[Footnote 86: See maps Nos. 3, 5, and the panoramic sketch.]
[Sidenote: Connection with Chap. II.]
The last four chapters have dealt with subjects affecting the whole course of the war, the theatre of operations, the two opposed armies, and the British navy. The present one, which describes the first action in the campaign, connects immediately with the second, that on the outbreak of the war, taking up the narrative from the time when, as a consequence of the conference at Maritzburg between the Governor (Sir W. Hely-Hutchinson), Sir George White, Sir A. Hunter and Maj.-Genl. Sir W. Penn Symons, the latter officer had been despatched to take over the command at Dundee while Sir George White had gone to Ladysmith.
[Sidenote: Arrival, Oct. 12th/99 of Symons at Dundee.]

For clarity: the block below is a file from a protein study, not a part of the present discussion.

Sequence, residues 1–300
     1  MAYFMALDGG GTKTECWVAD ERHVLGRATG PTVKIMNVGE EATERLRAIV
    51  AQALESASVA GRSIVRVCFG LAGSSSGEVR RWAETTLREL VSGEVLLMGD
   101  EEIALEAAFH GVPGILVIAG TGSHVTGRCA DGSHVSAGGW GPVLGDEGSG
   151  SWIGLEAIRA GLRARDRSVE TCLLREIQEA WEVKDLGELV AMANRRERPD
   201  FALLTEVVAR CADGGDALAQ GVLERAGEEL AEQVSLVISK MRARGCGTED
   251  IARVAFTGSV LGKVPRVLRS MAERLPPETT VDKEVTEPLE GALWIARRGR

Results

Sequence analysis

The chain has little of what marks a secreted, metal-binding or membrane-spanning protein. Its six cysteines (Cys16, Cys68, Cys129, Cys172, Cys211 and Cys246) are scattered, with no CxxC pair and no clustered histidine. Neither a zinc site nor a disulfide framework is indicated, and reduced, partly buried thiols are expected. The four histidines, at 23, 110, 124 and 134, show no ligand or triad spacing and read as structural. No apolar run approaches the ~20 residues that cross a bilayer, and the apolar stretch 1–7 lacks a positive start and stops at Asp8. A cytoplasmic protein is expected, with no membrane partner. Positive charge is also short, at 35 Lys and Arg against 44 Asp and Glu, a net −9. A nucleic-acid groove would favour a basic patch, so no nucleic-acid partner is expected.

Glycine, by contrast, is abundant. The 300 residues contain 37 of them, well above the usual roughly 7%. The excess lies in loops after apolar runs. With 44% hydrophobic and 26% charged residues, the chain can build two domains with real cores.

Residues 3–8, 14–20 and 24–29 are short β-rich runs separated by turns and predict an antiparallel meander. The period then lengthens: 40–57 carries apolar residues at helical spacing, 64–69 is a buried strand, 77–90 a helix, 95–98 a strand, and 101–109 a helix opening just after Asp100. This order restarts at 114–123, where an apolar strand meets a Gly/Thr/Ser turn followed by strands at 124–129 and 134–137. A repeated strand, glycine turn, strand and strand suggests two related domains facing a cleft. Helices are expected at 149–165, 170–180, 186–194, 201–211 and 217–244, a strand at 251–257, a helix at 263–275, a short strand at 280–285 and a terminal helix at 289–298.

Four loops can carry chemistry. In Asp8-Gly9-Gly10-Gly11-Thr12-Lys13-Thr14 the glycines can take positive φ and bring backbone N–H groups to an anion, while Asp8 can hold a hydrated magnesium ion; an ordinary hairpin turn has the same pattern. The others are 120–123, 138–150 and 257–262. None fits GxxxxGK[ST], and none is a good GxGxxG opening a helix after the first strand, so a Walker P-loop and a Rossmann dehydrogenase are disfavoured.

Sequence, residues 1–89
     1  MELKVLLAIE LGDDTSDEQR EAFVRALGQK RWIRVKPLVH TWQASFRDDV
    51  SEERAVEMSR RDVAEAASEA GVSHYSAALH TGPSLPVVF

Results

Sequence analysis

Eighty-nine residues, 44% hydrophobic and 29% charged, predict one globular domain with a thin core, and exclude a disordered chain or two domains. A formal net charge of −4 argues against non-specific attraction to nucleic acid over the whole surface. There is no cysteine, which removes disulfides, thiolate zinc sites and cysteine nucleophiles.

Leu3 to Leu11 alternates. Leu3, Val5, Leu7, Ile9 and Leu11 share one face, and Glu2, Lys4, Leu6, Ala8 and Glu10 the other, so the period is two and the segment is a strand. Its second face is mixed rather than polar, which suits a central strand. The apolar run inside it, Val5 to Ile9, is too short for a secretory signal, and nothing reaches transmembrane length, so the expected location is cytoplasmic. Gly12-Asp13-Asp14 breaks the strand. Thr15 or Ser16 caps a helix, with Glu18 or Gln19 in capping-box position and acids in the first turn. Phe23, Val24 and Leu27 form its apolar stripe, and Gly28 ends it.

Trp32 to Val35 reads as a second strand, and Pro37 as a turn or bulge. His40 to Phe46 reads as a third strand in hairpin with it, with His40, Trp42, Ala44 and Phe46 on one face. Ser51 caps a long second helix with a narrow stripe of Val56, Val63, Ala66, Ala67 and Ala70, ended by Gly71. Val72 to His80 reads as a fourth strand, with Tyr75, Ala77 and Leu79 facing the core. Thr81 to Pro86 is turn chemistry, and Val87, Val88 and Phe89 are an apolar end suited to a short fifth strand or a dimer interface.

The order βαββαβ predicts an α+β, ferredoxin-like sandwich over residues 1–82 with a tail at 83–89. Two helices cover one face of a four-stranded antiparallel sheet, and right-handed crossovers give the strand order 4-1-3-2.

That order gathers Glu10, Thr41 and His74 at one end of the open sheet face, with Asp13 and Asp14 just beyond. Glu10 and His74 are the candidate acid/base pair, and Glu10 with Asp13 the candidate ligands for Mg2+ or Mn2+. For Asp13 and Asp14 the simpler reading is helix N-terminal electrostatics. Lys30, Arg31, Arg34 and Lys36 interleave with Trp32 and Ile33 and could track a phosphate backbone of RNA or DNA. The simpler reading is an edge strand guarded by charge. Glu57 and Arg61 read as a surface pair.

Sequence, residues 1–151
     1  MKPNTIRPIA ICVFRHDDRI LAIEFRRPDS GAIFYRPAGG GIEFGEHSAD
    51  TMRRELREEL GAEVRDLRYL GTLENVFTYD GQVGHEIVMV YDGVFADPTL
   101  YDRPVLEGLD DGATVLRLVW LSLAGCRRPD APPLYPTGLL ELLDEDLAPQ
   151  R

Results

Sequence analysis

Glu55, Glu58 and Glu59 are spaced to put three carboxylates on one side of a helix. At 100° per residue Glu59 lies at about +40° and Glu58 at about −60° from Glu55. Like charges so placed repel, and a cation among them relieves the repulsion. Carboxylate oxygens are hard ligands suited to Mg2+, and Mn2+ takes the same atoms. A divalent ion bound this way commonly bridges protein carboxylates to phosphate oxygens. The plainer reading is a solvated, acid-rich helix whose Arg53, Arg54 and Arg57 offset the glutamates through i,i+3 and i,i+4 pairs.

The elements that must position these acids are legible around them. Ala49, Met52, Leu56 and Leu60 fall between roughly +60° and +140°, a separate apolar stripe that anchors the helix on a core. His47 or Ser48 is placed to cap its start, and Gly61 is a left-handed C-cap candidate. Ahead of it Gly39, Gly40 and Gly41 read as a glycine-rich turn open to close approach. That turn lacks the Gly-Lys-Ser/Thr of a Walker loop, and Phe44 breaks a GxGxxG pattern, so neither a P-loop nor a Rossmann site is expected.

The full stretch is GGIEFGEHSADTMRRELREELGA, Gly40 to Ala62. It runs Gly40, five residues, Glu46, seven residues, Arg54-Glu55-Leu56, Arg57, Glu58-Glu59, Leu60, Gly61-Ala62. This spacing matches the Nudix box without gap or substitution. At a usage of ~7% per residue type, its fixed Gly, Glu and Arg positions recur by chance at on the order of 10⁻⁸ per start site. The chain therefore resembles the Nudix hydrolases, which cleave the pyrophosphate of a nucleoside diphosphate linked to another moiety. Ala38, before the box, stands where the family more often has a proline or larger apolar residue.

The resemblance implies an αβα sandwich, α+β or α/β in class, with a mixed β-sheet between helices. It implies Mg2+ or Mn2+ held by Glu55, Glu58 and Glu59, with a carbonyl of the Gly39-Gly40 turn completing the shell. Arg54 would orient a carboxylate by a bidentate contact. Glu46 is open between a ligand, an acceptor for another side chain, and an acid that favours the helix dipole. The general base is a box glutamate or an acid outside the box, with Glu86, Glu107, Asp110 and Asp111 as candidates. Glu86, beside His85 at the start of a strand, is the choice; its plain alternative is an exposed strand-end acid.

On October 12th, the day when the British agent quitted Pretoria, Major-General Sir W. Penn Symons arrived at Dundee, and took over command of 3,280 infantry, 497 cavalry and eighteen guns from Brigadier-General J. H. Yule. He had gained his point. Dundee was to be held, and held by him. As early as the 13th news came that a strong commando was concentrating at the Doornberg east of De Jager's Drift, and that small parties of the enemy had been sighted four miles north of Newcastle, whilst to his left rear the Free Staters were reported so close to Ladysmith, and in such strength, as to cause Sir George White to recall one of Symons' own battalions, the 2nd Royal Dublin Fusiliers, to strengthen a column which was pushed out on October 13th towards Tintwa Pass to get touch with the enemy. This column failed, however, to observe even patrols of the enemy, and the Dublin Fusiliers returned to Dundee by train the same night. On this day the enemy fell upon a piquet of Natal Policemen posted at De Jager's Drift, and made them prisoners. A patrol of the 18th Hussars proceeding to reconnoitre the spot next day, the 14th, came upon a scouting party of forty of the enemy a mile on the British side of the Buffalo. On the 16th a fugitive from Newcastle announced the arrival of a commando, 3,000 strong, before Newcastle, another in Botha's Pass, whilst across Wools Drift, on the Buffalo, six miles of wagons had been seen trekking slowly southwards. If the left, then, was for the moment clear, it was plain that strong bodies were coming down on Symons' front and right, a front whose key was Impati, a right whose only bulwark was the hill of Talana.